The oilfire at Barentsburg impressed even those who had seen the London fires of 1940. One witness wrote, "exploding barrels were seen to a height of about 250 feet and were thrown out from the pile, flaming, to a distance of from 350 to 400 feet."3

Essential parts of mine machinery at Longyearby, Barentsburg and other settlements was destroyed or removed, with the power plants receiving special attention.. Barentsburg was largely destroyed by an accidental fire of undetermined origin.

Captain Perry Hall, an experienced mining engineer and officer of a Tunnelling Company of the Royal Canadian Engineers, had been attached to 111 Force especially for his expertise.

The unused wireless station near Barentsburg was demolished, as was an overhead conveyor system used to bring coal from one of the Longyear City mines to the dockside.


The last boatload off the island looks back at the destruction of Barentsburg
Barentsburg circa 1999, and photographed during the raid. The white building in the centre of town was a Communal Centre with dining hall, laundry and public offices. At right are large coal piles.

Departure

On 2 Sep, the entire Norwegian population of Spitsbergen - about 800 persons - was taken aboard the Empress of Canada, leaving the island devoid of humans and at 2230hrs on 3 Sep, the Empress with its escorting destroyers and cruisers sailed from the island. The cruisers left the convoy on 6 Sep to engage German vessels in Norwegian waters (sinking the training ship Bremse and other vessels). The Royal Navy had also profited from the Spitsbergen action by capturing three laden colliers that had been working for the Germans, as well as a tug, two sealing vessels, and a whaler.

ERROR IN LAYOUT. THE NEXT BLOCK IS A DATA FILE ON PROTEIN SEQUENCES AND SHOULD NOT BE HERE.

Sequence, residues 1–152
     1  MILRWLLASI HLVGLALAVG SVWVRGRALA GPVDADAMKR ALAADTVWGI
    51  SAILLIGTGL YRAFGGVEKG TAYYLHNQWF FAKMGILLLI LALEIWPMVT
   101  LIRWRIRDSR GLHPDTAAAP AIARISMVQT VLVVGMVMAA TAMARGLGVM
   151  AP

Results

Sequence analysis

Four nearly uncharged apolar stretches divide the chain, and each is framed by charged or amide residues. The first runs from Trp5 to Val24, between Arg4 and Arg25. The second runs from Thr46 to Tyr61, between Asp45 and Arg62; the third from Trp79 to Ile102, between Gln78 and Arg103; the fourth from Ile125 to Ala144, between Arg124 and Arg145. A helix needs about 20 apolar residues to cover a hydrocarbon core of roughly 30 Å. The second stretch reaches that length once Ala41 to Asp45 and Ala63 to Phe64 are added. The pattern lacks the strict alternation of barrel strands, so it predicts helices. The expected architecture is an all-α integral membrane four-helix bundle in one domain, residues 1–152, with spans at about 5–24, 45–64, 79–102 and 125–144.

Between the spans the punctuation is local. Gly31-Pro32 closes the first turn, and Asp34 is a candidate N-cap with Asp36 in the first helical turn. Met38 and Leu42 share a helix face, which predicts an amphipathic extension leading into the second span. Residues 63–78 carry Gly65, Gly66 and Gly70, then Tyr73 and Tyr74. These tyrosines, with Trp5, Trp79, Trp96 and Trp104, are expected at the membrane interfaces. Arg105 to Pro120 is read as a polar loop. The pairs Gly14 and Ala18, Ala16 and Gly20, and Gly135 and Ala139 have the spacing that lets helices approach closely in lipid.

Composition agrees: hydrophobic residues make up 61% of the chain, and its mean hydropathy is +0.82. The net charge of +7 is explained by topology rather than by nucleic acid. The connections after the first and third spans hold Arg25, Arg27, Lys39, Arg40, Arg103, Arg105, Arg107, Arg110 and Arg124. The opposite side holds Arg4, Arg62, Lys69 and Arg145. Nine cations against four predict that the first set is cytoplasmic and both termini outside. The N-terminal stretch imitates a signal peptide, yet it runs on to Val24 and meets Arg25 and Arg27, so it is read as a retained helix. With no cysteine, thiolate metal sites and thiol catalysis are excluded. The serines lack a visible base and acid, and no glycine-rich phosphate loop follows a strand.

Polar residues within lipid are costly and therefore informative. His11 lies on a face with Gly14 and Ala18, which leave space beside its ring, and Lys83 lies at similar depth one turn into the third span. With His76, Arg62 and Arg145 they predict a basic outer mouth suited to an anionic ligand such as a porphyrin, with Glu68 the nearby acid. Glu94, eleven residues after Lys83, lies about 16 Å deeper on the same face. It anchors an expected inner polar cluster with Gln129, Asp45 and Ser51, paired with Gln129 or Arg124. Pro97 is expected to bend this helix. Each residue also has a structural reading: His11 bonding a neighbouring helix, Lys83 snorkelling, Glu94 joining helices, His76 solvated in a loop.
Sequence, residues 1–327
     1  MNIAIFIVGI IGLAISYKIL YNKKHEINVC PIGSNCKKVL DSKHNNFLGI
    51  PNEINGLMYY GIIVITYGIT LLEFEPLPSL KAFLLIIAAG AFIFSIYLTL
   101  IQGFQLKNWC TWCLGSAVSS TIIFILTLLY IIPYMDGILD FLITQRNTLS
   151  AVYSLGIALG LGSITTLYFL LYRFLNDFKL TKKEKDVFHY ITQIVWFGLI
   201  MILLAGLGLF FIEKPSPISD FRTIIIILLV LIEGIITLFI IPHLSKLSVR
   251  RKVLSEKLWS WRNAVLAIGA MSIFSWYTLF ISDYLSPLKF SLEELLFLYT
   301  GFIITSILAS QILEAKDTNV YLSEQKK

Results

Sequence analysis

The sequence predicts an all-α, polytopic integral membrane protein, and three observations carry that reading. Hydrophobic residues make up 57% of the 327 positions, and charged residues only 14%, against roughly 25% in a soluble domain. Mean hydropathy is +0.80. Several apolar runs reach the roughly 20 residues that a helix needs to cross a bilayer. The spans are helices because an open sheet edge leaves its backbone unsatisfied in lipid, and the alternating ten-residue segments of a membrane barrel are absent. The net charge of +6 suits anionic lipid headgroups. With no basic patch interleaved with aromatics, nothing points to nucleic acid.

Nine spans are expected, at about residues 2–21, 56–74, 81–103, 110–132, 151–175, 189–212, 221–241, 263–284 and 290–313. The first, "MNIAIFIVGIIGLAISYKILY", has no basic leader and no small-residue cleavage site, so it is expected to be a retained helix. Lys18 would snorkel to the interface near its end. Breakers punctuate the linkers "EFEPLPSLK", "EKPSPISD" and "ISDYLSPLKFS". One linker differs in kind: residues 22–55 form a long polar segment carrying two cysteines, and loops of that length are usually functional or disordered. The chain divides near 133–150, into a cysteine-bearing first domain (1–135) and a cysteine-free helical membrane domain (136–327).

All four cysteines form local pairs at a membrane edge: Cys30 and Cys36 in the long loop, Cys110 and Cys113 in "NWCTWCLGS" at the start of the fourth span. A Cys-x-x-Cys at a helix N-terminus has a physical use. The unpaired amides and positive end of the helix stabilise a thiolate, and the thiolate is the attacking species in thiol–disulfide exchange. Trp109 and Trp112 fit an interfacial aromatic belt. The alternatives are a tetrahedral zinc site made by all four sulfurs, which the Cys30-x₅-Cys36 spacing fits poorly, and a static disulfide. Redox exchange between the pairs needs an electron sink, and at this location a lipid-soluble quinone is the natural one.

After ferrying the civilian population of various settlements to the fleet of ship, the RCE destroyed stocks of coal and port facilities. A steam-turbine power plant was kept operational to resupply the task force with fresh water.

 

Working Conditions

CMHQ Report 74 states that The ten days' sojourn in Spitsbergen had been a change for the Canadian troops, but certainly not a rest. Throughout the occupation the men worked in shifts of four hours on duty and four hours off. The sun never went far below the horizon and the nights were extremely short, never getting completely dark. It was found that "officers and men on their return to Britain frequently found it hard to say how long the occupation had actually lasted" as a result.

While arctic kit had been issued, the weather was not unduly cold and troops were able to work in their Battle Dress. The "North Atlantic Drift", a branch of the Gulf Stream, helps keep the climate warmer than one might expect for such a northerly latitude.

Conclusion of the Operation

By 3 Sep 1941 the task force had completed its work, leaving eight engineers behind to complete final demolitions.

The last task in this respect was the destruction of the wireless stations at Kap Linne and Longyear City. All through the occupation these stations had remained in operation, communicating normally with German-controlled stations in Norway, and transmitting weather reports, apparently as usual. Actually the messages thus sent were less ingenuous than they appeared; for on several occasions they reported fog conditions which did not exist. The object was to discourage aerial reconnaissance which might lead to discovery of what was going on in Spitsbergen and its surrounding waters. It appears, in fact, that the deception was completely successful and the Germans never realized that anything was wrong until wireless transmission ceased; for when the expedition was well out at sea on its way back to Britain their station at Tromsoe was heard calling Spitsbergen and inquiring urgently why it did not answer.